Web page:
Usually when we hear about life expectancy rising and death rates falling, the good news is accompanied by handwringing about living in a “greying world” and a supposedly increasing proportion of people who must depend on others for health reasons. But times are changing, as life at certain age groups is not what it was even one generation ago.
Who would have thought that this could be a 51 year old woman’s life: teaching yoga at a hip hotel and club; sharing clothes and yoga challenges with her 19 year old daughter; and is in love with travelling? Such is the life of Polly Kemp, and it’s becoming increasingly common.
Polly says that when she hears the term middle-aged, “I have to stop and think, ‘Is this meant to be me?’ I don’t polish silver or plan menus, and I’m not interested in housework. I am also spontaneous and I don’t think that’s a quality traditionally associated with middle age.'”
Even the author of the article adds that 40 years ago, she would have pictured her 53 year old self as having much shorter, greyer hair, and wearing “frocks and face powder” instead of jeans and CC cream.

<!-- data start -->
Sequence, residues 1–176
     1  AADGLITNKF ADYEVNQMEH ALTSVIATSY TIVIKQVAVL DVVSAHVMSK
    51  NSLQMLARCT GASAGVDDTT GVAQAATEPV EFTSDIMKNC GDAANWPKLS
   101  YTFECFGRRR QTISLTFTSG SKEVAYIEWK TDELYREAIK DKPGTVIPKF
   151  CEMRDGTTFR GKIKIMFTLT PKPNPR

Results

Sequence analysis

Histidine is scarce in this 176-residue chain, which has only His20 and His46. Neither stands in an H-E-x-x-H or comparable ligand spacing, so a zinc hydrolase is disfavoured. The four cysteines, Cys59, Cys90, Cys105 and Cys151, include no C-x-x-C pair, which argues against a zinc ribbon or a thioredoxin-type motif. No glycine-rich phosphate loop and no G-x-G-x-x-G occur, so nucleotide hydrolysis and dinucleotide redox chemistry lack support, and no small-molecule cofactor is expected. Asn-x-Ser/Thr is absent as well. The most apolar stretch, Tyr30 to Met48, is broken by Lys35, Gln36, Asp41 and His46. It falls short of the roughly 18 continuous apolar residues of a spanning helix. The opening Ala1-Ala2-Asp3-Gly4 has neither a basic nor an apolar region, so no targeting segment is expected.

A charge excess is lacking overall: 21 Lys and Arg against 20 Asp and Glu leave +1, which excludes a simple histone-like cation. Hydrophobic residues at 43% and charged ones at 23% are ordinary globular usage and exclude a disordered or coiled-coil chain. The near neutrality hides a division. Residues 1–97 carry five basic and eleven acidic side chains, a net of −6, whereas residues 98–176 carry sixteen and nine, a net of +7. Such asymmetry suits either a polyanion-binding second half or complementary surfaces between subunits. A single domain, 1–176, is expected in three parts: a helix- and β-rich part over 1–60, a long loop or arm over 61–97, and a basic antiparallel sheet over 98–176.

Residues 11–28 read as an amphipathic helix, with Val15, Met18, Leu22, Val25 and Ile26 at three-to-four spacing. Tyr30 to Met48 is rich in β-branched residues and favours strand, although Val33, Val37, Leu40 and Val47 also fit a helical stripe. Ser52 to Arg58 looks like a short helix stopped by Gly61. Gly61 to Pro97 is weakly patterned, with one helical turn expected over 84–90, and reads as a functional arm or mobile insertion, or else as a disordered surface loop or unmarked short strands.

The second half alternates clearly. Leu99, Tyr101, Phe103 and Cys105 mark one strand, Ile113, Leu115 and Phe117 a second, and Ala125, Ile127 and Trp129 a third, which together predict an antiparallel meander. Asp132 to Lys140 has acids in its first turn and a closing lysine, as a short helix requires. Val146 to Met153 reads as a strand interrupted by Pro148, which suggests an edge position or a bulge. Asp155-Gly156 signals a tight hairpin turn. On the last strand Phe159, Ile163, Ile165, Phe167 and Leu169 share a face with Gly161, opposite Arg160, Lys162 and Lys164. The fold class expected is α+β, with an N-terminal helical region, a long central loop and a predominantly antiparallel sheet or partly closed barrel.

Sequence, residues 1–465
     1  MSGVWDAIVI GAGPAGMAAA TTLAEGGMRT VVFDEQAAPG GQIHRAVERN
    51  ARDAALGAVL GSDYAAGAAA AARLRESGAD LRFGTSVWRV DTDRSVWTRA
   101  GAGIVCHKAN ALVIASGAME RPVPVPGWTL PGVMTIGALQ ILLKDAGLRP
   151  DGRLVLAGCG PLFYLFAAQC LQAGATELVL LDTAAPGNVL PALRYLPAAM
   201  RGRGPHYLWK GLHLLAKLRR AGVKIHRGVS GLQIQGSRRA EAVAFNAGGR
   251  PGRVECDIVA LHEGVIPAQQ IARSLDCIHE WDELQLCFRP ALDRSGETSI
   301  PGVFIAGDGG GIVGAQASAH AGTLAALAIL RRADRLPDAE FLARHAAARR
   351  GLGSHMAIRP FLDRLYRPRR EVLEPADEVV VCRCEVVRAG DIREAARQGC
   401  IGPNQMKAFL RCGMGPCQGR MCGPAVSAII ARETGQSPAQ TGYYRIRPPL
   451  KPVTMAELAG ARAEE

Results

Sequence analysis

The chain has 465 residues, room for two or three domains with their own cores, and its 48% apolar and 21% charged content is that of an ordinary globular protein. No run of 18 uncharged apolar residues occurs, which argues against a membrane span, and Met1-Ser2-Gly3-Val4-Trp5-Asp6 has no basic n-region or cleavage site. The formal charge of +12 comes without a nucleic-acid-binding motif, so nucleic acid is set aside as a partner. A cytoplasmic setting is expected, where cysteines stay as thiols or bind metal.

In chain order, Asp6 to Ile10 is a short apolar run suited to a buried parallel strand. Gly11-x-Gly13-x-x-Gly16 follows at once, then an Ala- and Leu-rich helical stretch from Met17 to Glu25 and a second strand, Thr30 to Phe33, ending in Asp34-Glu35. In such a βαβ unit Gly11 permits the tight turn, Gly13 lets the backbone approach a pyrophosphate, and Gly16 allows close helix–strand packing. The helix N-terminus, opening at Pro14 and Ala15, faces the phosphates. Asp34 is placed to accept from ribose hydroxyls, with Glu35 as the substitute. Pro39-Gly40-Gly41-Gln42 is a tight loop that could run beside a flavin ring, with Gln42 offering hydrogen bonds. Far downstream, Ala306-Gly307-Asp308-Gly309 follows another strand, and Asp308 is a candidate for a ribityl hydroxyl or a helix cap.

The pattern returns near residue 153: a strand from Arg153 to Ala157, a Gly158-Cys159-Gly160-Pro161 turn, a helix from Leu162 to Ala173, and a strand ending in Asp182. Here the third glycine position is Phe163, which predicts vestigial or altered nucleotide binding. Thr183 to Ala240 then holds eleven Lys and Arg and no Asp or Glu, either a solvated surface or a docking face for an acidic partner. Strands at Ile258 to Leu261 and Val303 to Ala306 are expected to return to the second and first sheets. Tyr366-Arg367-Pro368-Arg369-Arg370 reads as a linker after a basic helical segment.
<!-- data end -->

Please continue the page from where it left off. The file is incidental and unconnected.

It Isn’t Just These 2 Women, Either
In a survey of over 500 women performed by the UK Telegraph:
- 96% of women over 40 do not consider themselves to be “middle-aged”
- 90% said they had a younger attitude than their mothers at the same age
- 84% used products and services aimed at younger women
- Almost 66% said they felt as vibrant and young as they ever had.
Unfortunately, the media hasn’t caught up to these changes, choosing to hold onto the old ways. Women over 40, 50, 60, and sometimes even older are no longer confining their lives to, as the Telegraph describes, “lawnmowers and Rotary Clubs, cheese and wine parties, elastic waists, river cruises and walking tours of Madeira.”
I myself could not imagine my friends of those ages living in such a restricted way!
The “ageless generation”, also referred to as “perennials,” is also gaining ground in a literal sense. As far back as 1939, British statisticians Major Greenwood and J.O. Irwin found that aging seems to stop at around 90! Even they were confused, stating that: “At first sight this must seem a preposterous speculation.”
Not only did their findings seem counterintuitive, but 1939 was also a bad year to attempt making scientific history because of other world events. Much more recently, Michael Rose has done more research on the matter, with even data from other species showing that there is a point where aging stops if you live long enough – at about 90 for humans, but at different times for other animals.